As much as I hate the man, that's not a valid point. The dept. of Homeland Security plans were started during the Clinton Administration. Furthermore, though I can't be sure of this last point, I've been told that Bush actually opposed the DHS at first.

  • Re:Fear of powers (Score:3, Interesting)

    by dj245 (732906) on Friday October 29, 2004 @12:57AM (#10660538) Homepage
    Under the new system, Customs and Immigration (These are two completely different organizations by the way, Customs handles Goods, Immigration handles People) agents are required to be trained to be capable of performing BOTH Customs duties and the duties of an Immigration officer. Each of these individially is a pile of knowledge about Immigration/Customs law, firearms training, etc, and while some of it is applicable to both, much of it is not.

    There is speculation that Customs and Immigration will be soon split into two separate entities again. This is a good thing because it means those agents will have more training for their area of expertise. The law that brought the combining seemed at the time as good as HP-Compaq, but in the end it seems that Customs and Immigration know what is best and should be separate entities.

    I bring this up only because the local new-hirees for Customs/Immigration (They call it Customs and Border Protection now) have pretty much no idea what they are doing, leaving the people about to retire wondering what kind of things will be let through the border once they are gone.

  • Re:OK, so, (Score:3, Interesting)

    by general_re (8883) on Friday October 29, 2004 @01:58AM (#10660812) Homepage
    What happened to due process?

    The first part of that is the investigation of wrongdoing by the appropriate authorities. Hopefully, I don't need to point out that we only have one side of the story here, and the toy store lady is hardly a neutral observer. Customs has the power to seize infringing goods on the spot as part of their investigation, and yet they simply ordered her to take it off the shelves and then left without them? Something doesn't add up there, and I won't be a bit surprised to learn that there's more to the story than she's letting on...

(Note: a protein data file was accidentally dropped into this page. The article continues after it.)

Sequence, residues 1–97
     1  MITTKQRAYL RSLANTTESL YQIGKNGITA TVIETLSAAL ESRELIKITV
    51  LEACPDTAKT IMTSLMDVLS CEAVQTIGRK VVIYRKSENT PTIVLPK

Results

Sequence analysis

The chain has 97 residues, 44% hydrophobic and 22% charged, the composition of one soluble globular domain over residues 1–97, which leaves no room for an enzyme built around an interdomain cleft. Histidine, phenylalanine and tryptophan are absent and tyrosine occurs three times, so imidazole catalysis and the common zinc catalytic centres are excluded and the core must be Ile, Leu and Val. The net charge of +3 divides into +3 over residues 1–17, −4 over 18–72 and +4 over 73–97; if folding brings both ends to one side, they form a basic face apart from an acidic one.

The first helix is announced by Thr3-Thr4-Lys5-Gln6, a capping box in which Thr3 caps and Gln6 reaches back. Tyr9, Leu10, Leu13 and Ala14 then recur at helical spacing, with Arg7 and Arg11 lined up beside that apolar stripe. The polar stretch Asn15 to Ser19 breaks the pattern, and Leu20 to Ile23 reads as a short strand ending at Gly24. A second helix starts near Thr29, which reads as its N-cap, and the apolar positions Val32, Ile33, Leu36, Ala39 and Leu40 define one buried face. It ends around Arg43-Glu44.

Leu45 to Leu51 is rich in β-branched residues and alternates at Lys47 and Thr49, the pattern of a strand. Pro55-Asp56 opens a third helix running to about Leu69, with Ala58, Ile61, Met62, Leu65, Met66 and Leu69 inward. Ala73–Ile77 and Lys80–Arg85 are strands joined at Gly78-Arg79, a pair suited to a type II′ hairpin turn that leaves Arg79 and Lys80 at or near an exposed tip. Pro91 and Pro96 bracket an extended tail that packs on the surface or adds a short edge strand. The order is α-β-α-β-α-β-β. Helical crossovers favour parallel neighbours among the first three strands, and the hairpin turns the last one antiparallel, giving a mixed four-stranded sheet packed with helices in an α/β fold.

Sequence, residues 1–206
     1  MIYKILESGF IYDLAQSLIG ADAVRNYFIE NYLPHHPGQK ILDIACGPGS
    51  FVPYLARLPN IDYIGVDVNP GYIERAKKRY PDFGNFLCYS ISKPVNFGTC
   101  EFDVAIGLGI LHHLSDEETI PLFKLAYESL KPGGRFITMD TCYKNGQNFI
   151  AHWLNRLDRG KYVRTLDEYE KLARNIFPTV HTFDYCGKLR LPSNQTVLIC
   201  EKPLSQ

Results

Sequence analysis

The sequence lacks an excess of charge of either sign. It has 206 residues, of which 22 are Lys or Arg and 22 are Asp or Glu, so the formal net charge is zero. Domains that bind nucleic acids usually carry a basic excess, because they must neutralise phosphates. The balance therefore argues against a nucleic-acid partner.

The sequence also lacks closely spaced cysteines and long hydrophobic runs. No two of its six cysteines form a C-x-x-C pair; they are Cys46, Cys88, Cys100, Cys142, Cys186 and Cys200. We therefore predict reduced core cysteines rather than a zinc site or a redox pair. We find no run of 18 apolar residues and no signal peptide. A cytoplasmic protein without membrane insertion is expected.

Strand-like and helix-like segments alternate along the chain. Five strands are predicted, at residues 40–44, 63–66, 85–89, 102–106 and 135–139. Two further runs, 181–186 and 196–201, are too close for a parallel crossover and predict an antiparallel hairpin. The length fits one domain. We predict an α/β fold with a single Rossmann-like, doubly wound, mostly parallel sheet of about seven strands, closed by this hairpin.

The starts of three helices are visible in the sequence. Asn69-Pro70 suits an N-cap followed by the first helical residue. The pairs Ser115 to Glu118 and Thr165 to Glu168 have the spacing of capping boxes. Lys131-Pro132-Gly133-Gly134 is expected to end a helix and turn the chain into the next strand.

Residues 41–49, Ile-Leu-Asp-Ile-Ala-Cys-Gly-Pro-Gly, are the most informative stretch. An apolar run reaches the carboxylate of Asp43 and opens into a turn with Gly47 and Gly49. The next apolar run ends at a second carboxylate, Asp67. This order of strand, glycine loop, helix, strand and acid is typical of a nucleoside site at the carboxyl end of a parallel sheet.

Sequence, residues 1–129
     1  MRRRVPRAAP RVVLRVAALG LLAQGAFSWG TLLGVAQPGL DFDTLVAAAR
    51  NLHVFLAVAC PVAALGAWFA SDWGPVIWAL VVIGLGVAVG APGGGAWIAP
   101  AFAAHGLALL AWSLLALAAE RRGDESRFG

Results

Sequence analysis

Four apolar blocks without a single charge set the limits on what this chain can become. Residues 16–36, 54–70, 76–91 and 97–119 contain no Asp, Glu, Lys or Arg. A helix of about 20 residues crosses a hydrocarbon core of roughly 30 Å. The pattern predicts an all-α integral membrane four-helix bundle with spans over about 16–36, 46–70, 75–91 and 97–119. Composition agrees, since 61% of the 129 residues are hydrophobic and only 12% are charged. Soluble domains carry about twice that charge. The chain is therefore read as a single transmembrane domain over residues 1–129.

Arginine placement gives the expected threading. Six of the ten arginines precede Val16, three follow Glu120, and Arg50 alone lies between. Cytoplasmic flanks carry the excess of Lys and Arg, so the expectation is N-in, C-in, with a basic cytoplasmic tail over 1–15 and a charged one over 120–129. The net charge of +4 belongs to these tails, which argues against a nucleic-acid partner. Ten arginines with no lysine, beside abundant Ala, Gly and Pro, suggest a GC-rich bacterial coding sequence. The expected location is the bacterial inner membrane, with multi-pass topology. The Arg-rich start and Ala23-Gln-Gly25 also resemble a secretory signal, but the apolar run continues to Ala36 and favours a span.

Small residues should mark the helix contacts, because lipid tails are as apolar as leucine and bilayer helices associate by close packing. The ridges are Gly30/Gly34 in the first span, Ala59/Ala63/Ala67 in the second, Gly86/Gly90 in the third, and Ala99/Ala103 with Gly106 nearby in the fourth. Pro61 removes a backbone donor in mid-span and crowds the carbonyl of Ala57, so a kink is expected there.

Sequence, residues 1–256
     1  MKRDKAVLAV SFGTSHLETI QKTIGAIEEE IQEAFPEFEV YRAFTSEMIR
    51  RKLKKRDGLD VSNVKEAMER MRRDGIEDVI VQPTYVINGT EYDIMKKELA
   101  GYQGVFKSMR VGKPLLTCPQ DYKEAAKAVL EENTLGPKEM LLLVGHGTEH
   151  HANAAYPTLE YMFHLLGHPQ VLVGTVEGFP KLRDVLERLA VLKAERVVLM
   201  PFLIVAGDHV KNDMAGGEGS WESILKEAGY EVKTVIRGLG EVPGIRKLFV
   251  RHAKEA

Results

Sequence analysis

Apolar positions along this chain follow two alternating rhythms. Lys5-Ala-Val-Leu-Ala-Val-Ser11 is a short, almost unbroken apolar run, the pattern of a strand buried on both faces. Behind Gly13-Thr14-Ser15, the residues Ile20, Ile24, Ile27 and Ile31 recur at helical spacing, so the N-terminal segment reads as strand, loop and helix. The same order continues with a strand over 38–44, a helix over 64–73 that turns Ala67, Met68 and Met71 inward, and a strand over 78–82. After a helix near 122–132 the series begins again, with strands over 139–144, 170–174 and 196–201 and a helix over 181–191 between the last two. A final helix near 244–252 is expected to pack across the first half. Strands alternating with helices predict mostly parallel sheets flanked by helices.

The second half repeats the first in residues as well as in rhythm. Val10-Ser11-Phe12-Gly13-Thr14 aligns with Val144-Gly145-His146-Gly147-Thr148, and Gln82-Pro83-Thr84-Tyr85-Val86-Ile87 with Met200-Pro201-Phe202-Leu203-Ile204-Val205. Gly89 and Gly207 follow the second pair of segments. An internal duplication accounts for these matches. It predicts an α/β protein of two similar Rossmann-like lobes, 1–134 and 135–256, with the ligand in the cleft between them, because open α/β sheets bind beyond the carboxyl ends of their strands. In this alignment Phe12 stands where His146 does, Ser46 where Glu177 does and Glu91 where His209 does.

• Re:Fear of powers (Score:2, Interesting)

    by deke_kun (695166) on Friday October 29, 2004 @04:14AM (#10661227)
    because, quite simply, it IS a police state. I would find it quite interesting to see what happened if someone filed a trademark infringement complaint on the Jewish people (oh i dunno, pointy hats are trademarked by disney or some crap). Clearly homeland security dont investigate claims, they just kick down the door and start scaring people, so maybe making a blatant holocaust reference would make the point that the system is fascist.
  • Re:Fear of powers (Score:3, Interesting)

    by MeanSolutions (218078) on Friday October 29, 2004 @05:13AM (#10661385)
    Could be because whoever came up with the name "Homeland Security" has exceedingly poor imagination but rather a good grasp of history...
  • Re:Huh? (Score:3, Interesting)

    by querencia (625880) on Friday October 29, 2004 @05:45AM (#10661486)
    Either way, it really bugs me that homeland security is even thinking about anything besides terrorism. Why the hell are we paying agents to fly out to bumsville for a da## rubiks cube.. And if we're paying them to do that, why aren't we paying them to research things first?